Economist Michael Pettis argues that the costs of the U.S. being the “global economic backstop” are already outweighing the benefits, and that a future abdication of that role and a return to protective “isolationism” is almost inevitable, largely as a matter of survival.
The crux of Pettis’ argument is that as long as the U.S. was clearly the global economic top dog, we could afford to be the arbiter of economic stability, and relatively easily “afford” to absorb systemic shocks created by other countries to maintain the large benefits we derived from the smooth functioning of global economic markets. However, as the U.S. share of the global economy becomes smaller over time, it becomes less and less “worth it” to the U.S. to take the risk/pay the price of other countries selfishly creating systemic shocks that benefit their national economies.
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Pettis argues that the U.S. is approaching or already crossing this benefit threshold, and U.S. leaders will also soon recognize this obvious fact and start to change policy. He says the U.S. will almost be forced into a more isolationist foreign policy to protect its economic assets from the selfish currency devaluations and other protectionist shenanigans from now much larger and faster-growing emerging economies.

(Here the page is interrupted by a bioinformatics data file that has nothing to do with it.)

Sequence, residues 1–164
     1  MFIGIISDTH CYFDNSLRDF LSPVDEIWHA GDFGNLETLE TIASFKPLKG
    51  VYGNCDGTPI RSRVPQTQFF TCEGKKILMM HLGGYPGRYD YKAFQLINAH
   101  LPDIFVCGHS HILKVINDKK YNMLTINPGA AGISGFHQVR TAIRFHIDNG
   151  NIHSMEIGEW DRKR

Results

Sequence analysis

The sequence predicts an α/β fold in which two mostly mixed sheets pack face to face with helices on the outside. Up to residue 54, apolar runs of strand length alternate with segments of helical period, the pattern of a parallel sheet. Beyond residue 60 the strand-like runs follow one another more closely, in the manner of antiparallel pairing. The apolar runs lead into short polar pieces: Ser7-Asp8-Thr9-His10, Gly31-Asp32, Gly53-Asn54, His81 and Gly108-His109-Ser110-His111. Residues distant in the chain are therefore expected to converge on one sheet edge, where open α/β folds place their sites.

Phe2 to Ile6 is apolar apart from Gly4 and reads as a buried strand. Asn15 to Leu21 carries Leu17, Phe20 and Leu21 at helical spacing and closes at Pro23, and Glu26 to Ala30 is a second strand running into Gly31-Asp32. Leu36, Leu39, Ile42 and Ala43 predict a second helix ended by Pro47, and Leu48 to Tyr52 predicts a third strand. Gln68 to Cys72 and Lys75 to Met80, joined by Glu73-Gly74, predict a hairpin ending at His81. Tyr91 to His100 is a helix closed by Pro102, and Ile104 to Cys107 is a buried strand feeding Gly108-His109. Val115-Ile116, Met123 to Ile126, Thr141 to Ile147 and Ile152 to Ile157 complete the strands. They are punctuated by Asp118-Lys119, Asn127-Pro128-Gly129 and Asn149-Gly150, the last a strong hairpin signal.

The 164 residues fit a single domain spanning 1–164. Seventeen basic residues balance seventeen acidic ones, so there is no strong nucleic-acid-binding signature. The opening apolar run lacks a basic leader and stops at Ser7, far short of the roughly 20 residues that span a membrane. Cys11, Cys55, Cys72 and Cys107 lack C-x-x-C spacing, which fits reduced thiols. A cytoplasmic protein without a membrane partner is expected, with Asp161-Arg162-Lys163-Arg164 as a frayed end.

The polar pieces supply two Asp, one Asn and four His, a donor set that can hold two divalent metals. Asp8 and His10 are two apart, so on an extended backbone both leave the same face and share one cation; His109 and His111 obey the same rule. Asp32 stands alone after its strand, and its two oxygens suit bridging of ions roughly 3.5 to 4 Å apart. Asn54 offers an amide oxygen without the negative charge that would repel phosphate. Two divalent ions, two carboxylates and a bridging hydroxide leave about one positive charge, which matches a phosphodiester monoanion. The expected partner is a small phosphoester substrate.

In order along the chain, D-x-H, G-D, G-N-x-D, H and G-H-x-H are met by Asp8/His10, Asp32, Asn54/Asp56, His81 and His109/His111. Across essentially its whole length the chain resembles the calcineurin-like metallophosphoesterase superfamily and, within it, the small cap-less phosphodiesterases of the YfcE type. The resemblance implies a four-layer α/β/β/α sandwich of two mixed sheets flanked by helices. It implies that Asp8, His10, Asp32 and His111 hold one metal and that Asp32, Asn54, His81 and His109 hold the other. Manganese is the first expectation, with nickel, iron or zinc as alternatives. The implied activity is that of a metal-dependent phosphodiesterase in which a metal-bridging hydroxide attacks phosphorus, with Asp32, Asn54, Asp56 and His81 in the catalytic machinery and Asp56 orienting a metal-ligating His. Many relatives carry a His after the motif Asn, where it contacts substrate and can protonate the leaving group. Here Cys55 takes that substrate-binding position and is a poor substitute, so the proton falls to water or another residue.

Pettis says it boils down to the current account deficit
The risk involved in maintaining a large current account deficit is the real issue at hand, according to Pettis. He says: “The main measure of that cost is the US current account deficit. Growth in the global economy should naturally require that the rest of the world accumulate dollar reserves, and so it is natural that the US run current account deficits as the world accumulates dollars. This permanent exchange of a small amount of dollars for real goods is the total extent of the exorbitant privilege.
But this privilege comes at an enormous risk, one which no other country wants to take. As the rest of the global trading system grows relative to the US, the need for a rising US current account deficit poses the problem identified by Robert Triffin.”
The Triffin Dilemma
The Triffin Dilemma highlights that if non-U.S. global economic growth is high enough relative to U.S. growth that the need for U.S. dollar reserves grows more rapidly than the U.S. economy, the resulting domestic current account deficit will require that the U.S. sell assets fast enough, or that U.S. obligations to foreigners grow fast enough, to create a real systemic risk. Moreover, this risk is directly related to the differential in the size of the U.S. and global economies, which means the risk grows the longer U.S. policymakers deny that the economic calculus that has worked since the end of the Second World War has changed.